Chinaâ€™s economic growth is based on a foundation of an insatiable hunger for energy. Indeed, the country is the worldâ€™s second largest consumer of energy, behind the United States. Much of the power generated in the country comes from coal, some 78 percent, but demand for oil is surging rapidly with consumption increasing by an estimated half a million barrels per day in 2006, amounting to 38 per cent of growth in world demand. Natural gas is also increasing in demand in China with new reserves being found which will increase the proportion the fuel contributes to China's energy demand.
All these resources combine to generate a total of over 400 gigawatts of power annually, much of it coming from these conventional sources but with some also coming from nuclear and hydroelectric power. China is now a huge player in world energy markets but if it is to maintain growth rates of over 10 percent per annum, as it has done for the past two decades, then demand for existing and additional fuel sources is only going to rise.
China is the worldâ€™s largest producer, mining almost 2500 tons in 2006, and consumer, over a third of total world consumption, of coal. It has the third largest estimated reserves in the world behind Russia and the United States, with some 126 billion tons of recoverable capacity. The distribution of coal throughout the country is centred in the northern regions and within this it is highly localised in Shanxi province. Other pockets of reserves exist, notably in the south of China but the quality of coal here is such that it can have few practical applications.
The coal mining industry has recently undergone a massive structural upheaval, with ownership of the mines being aggregated to a handful of large firms. Typically there were myriad types of mine ownership, and to a large extent still are, with village and town mines, local mines, provincial mines and state mines, but these are all fragmented with little or no interconnection between the various types of ownership. But as of February 2006 this was scheduled to change, with the government having set out plans to defragment the industry, creating large corporations with large state holdings, in a move that will mirror the creation of PetroChina and Sinopec in the oil industry.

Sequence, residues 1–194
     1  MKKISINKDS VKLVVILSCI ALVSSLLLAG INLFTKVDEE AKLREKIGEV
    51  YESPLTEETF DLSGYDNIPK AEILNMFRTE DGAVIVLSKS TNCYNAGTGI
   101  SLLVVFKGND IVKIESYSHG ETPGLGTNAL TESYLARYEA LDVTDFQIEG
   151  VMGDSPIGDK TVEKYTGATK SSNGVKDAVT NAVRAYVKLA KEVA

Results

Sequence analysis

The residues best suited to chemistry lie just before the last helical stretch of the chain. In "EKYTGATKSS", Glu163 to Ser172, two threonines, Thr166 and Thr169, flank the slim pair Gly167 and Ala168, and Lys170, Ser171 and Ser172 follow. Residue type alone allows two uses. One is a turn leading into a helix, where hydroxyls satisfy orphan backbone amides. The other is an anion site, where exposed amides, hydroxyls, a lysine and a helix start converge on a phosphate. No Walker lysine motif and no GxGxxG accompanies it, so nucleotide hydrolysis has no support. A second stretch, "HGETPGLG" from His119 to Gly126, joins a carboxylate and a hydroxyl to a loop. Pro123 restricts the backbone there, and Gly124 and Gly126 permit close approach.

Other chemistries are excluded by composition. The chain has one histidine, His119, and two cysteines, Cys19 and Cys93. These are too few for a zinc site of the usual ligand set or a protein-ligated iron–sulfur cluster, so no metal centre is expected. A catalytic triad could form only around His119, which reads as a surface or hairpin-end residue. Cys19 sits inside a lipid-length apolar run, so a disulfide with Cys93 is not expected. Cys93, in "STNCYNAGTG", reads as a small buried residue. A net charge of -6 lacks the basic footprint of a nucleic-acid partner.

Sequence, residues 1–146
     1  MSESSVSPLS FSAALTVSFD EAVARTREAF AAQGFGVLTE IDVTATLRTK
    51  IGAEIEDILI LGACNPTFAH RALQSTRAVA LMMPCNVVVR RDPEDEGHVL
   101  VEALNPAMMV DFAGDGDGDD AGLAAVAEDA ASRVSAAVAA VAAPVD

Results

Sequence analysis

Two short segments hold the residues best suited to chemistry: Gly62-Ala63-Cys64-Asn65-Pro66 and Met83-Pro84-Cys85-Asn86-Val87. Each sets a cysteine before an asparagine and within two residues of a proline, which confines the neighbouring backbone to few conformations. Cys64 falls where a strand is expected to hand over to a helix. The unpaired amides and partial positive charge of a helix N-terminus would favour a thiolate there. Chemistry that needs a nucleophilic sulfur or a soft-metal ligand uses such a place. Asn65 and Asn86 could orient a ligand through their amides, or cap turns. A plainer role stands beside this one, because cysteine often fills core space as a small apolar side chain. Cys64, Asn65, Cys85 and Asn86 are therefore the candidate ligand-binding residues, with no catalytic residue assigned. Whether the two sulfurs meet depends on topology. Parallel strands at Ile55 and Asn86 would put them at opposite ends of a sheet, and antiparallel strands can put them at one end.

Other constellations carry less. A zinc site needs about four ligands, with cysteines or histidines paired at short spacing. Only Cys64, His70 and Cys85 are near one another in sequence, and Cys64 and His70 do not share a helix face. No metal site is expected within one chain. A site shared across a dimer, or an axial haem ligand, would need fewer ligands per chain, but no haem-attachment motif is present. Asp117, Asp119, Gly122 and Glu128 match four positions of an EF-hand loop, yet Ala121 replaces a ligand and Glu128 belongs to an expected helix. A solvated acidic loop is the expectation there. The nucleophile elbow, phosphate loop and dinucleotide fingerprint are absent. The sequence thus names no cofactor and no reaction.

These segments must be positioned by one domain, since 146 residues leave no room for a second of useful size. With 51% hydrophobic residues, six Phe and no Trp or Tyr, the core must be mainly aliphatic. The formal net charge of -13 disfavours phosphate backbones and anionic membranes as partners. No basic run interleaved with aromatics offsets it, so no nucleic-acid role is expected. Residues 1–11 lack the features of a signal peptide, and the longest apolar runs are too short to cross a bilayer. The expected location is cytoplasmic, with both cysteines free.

The move comes amid unacceptable levels of inefficiency in the smaller mines, which suffer from under qualified management, outdated technology and chronic under investment, leading to poor exploitation of resources. In light of this, all small scale mines will be closed by 2015, in accordance with government plans. Until now around 50,000 mines are estimated to have been closed. With larger conglomerates operating in the coal sector it is hoped that investment levels will rise, from both domestic and foreign sources, boosting technology and therefore production and efficiency levels.
In addition, the government wishes to prioritise investment from abroad to reap the benefits of nternational experience, with an emphasis being placed on developing cleaner, environmentally friendly technology. This includes a subsidy of Shenhua Group finalising the development of a coal to liquid plant sometime in 2007, the first of its kind in China.
For some time now China has been consuming more oil than it produces from its own reserves. It is second only to the United States in its consumption and the third largest net importer of oil behind the US and Japan. Production level is around 3.8 million barrels per day with consumption almost double this at around 7.5 million barrels per day. Total proven reserves were around 18 billion barrels as of 2006.